White House Offers Immigrant Integration Recommendations

Last Spring, the White House Task Force on New Americans released 48 recommendations for federal agencies to work better at facilitating immigrant integration.  This week, the Task Force released its progress report.  Read the whole report below.

White House NewAmericans Progress Report_2015

Financial Access and Services Are Essential for Immigrant Integration

By Lindsay Daniels, Manager, Wealth-Building Initiative, NCLR

Labor-Day-Banner-Photo-4Latinos have represented the fastest-growing segment of the U.S. population in recent decades. Significant growth is expected to continue—the Census Bureau estimates the Hispanic population will increase by 86 percent between 2015 and 2050, amounting to 119 million or one in four Americans, by 2060.

Given this tremendous population growth, the health of the U.S. economy is deeply tied to the status of Latino financial health. Access to safe, affordable, and cross-cultural financial products and services is essential for Latino individuals, families, and entrepreneurs to fully participate in the banking system.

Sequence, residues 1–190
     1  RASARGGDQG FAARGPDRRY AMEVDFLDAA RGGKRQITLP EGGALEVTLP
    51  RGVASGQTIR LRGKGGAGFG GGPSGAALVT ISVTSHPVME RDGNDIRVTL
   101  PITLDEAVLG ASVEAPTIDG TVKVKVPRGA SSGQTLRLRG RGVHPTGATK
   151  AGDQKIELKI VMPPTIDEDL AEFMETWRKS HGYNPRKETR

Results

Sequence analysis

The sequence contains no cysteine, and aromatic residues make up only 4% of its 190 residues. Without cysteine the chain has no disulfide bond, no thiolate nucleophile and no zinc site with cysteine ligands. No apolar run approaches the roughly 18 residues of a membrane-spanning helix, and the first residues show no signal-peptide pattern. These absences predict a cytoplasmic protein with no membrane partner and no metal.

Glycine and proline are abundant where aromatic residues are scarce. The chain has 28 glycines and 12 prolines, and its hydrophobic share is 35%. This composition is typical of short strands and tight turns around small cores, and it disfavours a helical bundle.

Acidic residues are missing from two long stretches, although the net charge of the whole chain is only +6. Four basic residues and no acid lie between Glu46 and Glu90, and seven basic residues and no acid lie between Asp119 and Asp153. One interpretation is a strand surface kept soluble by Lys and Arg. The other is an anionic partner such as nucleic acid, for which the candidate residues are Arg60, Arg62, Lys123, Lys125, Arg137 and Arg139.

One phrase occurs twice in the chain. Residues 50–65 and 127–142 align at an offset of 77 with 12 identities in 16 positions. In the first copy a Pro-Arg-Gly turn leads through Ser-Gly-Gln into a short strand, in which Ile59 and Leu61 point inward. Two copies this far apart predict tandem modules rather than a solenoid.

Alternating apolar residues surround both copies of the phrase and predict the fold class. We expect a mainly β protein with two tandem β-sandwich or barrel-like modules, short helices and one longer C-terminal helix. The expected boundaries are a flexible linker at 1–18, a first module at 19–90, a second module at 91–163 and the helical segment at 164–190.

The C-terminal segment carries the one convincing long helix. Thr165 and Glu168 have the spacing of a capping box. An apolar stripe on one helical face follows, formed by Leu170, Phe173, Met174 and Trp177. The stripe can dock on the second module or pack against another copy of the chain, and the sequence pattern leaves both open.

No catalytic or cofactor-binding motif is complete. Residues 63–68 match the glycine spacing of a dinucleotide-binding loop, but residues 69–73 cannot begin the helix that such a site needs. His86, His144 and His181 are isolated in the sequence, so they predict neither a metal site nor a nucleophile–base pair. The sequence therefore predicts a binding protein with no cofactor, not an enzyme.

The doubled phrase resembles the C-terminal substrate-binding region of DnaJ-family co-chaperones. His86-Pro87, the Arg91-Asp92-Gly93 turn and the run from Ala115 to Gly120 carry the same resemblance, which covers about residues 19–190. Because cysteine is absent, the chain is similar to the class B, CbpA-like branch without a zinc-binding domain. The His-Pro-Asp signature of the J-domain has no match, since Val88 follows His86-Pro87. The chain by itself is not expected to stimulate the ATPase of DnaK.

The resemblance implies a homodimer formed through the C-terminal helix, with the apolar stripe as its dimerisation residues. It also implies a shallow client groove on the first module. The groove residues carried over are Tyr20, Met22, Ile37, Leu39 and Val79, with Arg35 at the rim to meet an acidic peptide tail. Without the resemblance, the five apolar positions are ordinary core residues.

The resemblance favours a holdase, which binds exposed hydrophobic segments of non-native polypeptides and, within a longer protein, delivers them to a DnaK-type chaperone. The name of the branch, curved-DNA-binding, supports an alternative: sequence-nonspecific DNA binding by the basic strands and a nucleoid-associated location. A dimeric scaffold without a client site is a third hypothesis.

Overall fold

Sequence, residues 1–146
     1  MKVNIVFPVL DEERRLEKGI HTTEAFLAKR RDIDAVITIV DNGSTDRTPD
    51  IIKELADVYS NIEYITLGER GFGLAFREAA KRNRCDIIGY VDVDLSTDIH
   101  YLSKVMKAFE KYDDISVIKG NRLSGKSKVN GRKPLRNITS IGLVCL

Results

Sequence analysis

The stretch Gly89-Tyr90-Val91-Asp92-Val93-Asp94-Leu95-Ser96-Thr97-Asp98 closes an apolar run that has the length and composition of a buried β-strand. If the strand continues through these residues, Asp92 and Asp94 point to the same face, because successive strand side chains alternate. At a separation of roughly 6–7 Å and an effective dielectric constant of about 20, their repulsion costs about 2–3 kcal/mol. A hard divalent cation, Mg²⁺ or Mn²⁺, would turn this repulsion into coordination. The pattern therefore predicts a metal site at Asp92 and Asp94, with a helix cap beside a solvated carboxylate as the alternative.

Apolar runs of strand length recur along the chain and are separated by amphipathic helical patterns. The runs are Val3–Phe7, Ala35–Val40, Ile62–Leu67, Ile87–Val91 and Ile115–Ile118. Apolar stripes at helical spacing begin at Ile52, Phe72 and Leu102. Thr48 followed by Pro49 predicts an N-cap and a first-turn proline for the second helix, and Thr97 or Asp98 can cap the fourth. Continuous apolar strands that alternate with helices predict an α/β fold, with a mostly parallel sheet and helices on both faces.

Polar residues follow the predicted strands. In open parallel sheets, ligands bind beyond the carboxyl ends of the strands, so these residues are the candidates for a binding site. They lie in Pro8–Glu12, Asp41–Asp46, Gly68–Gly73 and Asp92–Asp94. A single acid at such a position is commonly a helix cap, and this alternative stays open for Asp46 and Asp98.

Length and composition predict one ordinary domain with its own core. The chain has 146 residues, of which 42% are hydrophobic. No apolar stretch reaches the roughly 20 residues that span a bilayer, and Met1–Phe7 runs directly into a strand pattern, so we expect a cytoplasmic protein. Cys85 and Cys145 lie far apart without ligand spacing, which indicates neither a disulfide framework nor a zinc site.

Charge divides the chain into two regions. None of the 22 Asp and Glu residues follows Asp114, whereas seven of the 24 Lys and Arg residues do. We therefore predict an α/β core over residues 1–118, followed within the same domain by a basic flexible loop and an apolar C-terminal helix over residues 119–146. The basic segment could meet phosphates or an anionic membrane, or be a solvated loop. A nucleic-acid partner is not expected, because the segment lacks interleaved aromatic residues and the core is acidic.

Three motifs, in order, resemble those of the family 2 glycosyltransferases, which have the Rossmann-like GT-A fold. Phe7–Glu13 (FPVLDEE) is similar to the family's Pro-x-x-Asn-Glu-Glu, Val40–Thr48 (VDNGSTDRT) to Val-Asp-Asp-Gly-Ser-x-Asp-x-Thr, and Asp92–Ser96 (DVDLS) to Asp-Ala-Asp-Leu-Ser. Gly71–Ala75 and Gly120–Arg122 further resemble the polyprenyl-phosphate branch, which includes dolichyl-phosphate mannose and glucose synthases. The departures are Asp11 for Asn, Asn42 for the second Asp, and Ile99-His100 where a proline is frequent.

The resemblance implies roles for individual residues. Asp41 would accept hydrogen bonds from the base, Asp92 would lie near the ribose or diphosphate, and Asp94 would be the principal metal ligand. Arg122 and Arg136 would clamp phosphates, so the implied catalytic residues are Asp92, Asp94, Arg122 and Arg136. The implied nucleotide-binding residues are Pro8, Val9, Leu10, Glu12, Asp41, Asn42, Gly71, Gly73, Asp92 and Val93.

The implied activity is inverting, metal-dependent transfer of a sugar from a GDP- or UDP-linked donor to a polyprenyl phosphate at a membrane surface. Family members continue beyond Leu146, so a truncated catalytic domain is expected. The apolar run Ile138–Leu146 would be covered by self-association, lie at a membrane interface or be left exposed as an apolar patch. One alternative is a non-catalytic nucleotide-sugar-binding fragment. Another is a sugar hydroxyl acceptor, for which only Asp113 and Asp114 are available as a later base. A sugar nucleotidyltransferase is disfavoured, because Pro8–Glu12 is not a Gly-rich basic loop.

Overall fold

Yet today, too few Latinos understand the banking system and have financial institutions they turn to for financial advice. Many Hispanic families lack access to safe and affordable credit or know their credit score, which often results in people seeking high-cost alternative financial services like check cashing or payday loans or relying on family and friends for financial help. Too much emphasis on technology without considering clients’ preferences leaves behind those who still rely on bank branches and have limited internet access.

These are the findings of a series recently published by NCLR. Profiles on Latinos and Banking takes a deeper dive into the data from the previously published report Banking in Color: New Findings on Financial Access for Low- to Moderate-Income Communities. The profiles, produced with support of the Ford Foundation and Citi Community Development, pay particular attention to how Latinos save, access credit, utilize banking technology, and the linkage between citizenship and participation in the financial sector.